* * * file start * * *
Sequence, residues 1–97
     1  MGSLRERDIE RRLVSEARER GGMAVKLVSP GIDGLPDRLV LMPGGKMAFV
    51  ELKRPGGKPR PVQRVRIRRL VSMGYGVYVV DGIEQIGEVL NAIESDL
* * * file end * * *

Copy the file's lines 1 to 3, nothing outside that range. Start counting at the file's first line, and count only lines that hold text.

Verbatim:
Sequence, residues 1–97
     1  MGSLRERDIE RRLVSEARER GGMAVKLVSP GIDGLPDRLV LMPGGKMAFV
    51  ELKRPGGKPR PVQRVRIRRL VSMGYGVYVV DGIEQIGEVL NAIESDL